James Cochran's two-and-one-half-story, frame Queen Anne house dominates the streetscape of tiny Dawson. The house has multiple turrets, porches, a horseshoe-shaped recessed porch hood, and faceted chimneys. Surrounded by workers' houses, the building reflects the philosophy that the owner should live near the works. James and his son Philip G. Cochran owned the nearby Washington and New Florence mines and the Jimtown and Clarissa coke works. The borough benefited from, or at least witnessed, the success of their endeavors in the fairgrounds, the United Methodist Church ( FA21), and the manager's houses, all built from Cochran family largesse. The former First National Bank (1897; 200–206 Main Street) housed the offices of Cochran's Washington Coal and Coke companies. Its gabled wall dormers, reminiscent of the Cochran house, rhythmically culminate in a rounded turret at the corner entrance.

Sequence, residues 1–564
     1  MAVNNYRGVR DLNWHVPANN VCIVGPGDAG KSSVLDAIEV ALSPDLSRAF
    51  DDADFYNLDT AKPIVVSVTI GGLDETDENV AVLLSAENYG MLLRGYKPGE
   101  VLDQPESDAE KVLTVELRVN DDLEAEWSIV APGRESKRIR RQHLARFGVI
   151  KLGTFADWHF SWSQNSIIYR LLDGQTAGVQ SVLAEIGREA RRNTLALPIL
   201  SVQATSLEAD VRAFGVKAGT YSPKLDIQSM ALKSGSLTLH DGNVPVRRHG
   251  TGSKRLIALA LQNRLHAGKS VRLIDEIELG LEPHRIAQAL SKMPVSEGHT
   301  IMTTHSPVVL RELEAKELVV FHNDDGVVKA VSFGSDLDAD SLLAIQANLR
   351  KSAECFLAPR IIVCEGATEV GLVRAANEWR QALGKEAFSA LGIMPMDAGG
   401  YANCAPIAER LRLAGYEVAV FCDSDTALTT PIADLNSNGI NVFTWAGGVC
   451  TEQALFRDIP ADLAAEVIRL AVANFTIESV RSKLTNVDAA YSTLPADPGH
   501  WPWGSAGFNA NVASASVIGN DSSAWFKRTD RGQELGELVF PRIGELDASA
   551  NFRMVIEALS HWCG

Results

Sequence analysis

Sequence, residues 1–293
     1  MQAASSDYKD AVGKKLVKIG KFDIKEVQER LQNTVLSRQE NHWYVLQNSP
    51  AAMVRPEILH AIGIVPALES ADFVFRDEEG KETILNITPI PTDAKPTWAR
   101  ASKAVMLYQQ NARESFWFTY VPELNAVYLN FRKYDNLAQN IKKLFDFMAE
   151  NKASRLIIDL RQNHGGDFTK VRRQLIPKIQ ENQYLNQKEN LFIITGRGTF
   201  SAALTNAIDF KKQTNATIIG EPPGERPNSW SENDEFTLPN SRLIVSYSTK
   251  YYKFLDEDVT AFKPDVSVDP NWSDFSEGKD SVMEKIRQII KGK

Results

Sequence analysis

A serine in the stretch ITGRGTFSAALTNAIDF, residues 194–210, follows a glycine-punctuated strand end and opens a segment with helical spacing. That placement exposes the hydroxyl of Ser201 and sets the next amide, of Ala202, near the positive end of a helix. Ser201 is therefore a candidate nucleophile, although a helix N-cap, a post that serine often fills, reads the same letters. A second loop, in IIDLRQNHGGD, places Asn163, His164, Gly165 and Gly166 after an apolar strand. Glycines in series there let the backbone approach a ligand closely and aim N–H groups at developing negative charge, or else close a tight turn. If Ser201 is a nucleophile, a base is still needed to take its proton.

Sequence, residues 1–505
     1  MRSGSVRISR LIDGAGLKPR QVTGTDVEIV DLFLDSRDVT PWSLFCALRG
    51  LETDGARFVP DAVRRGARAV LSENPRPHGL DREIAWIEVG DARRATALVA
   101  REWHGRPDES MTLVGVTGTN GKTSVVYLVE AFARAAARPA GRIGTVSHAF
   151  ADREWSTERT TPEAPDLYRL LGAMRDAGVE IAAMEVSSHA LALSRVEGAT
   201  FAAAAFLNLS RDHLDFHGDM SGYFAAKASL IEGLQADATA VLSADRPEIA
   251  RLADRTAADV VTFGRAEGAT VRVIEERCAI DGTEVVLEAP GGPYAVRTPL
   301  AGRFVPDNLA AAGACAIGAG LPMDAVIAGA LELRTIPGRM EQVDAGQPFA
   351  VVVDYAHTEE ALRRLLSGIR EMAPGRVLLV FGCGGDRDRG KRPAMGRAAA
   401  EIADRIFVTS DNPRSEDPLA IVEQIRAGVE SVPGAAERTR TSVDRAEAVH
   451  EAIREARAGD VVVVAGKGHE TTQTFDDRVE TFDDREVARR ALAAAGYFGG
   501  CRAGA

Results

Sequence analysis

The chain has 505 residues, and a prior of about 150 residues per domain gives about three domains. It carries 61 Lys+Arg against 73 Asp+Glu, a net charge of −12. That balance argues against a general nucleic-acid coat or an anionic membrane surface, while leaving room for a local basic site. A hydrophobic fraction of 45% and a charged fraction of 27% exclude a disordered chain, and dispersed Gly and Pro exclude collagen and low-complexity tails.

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James Cochran House
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